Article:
Lake and Sumter Style Magazine
02:37 am
24 July 2019

This N’ That: Shocking! Titillating! Mind-blowing!

illustration-newsstand

Inquiring minds want to know (sort of) about these local stories.

Story: Chris Gerbasi // Illustration: Megan Mericle

Everything must go! The National Enquirer is selling thousands of secrets, bizarre tales, and three-headed calves. Amaze your friends! Shock your neighbors! Blackmail your congressman! Never-before-seen stories and photos are going for low, low prices. How can we afford it? Because we’re CRAAAZY!

Yes, it’s true. The National Enquirer was sold recently, according to news reports, but not before enterprising Enquirers made some quick cash. The Akers Media Group was all over it, outbidding competitors on eBay for the rights to local stories that, for various reasons, had never been printed before. Now, for the first time, these “true stories” finally can be told. (Advisory: Readers with pacemakers, weak bladders, or good taste may find this content disturbing.)


Ellen DeGeneres kills Clermont man

An innocent bet among friends ended in tragedy when a Clermont man died after accepting a dare to watch Ellen DeGeneres’ “Game of Games” TV show. The victim, identified as Bud Schlupp, repeatedly screamed, “Please make it stop! She’s killing me! She’s killing me!” as his friends laughed, pinned him down, and failed to take his pleas seriously.

“Sure, it’s good, clean fun till someone gets hurt,” a police spokesman says.

Bud was wearing a medical ID bracelet reading, “Allergic to Ellen,” doctors say. Cause of death: acute annoyance.


Holy cow! Holy matrimony for Elsie and farmer

A Bushnell farmer is as happy as a pig in slop after marrying his favorite dairy cow. “My friends always told me, ‘Why buy the cow when you can get the milk for free?’” Emmert Bopkins says. “But I just fell in love with Elsie’s big brown eyes. The only drawback is I have to sleep standing up in a field. The local kids keep tipping me over, darn rascals.”

Emmert dismissed accusations that he married Elsie for her inheritance as the descendent of Borden Dairy’s famous Elsie the Cow. Elsie is a cash cow, however, and somehow will wear the pants in the family. Emmert also expressed no fears that his lactose intolerance would spoil the couple’s honeymoon, which is expected to last until the cow comes home.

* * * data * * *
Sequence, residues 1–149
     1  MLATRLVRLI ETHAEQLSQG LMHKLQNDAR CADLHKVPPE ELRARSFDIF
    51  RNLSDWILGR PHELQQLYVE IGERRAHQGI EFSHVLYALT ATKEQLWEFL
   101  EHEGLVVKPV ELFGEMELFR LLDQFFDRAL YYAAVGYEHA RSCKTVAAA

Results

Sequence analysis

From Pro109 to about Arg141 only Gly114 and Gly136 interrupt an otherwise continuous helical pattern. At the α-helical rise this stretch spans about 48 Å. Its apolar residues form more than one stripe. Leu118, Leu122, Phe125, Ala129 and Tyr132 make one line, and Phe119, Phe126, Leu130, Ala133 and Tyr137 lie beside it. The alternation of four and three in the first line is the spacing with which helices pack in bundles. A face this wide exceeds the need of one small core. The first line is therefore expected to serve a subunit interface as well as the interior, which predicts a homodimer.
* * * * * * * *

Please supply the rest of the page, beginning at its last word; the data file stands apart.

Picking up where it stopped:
The community that wasn’t there

After 40 years of leaders declining to comment to the outside world, The Villages ceased to exist today. Leaders could not be reached for comment. Sources inside The Villages who spoke on the record before being bound and gagged say the former community plans to become one giant Zumba class. Earlier reports that The Villages had been swallowed by a massive sinkhole appear to be unfounded.

In an unrelated incident, a map at a construction field office in Wildwood has become a curious attraction for religious zealots. A coffee stain on the map spreads outward from The Villages in the shape of the face of the deity known as “the Developer.” Calls to The Villages, naturally, were not returned.

Leesburg love lair liquidated!

A Leesburg woman was charged with six counts of first-degree murder and one count of attempted murder in what police are describing as a “love octagon” turned deadly.

Myrtle Lee Shushbomb, 45, had simultaneous relationships with seven men up until they found out about each other and threatened to make her do all of their laundry. The prolifically promiscuous perpetrator then killed six of the men by poisoning a six-pack of beer, according to police. The seventh man escaped when Myrtle Lee ran out of beer.

“I never was good at math,” Myrtle Lee told detectives. “I should’ve sprung for the 12-pack.”

Is paint job a snow job?

A maintenance man washing graffiti off a wall in Mount Dora uncovered what appears to be artwork by Vincent van Gogh. A local art appraiser, Sammy van Gogh (no relation), declared the painting “priceless.”

Artisans’ enthusiasm was tempered by the lack of evidence that van Gogh, who died in 1890, ever visited Mount Dora despite its reputation as an artsy boutique community. Van Gogh, of course, loved antiquing. City merchants were undeterred, creating T-shirts, mugs, and trinkets reading, “Van Gogh Shopped Here.”

As Sammy says, “Never let the facts get in the way of a good story.” 

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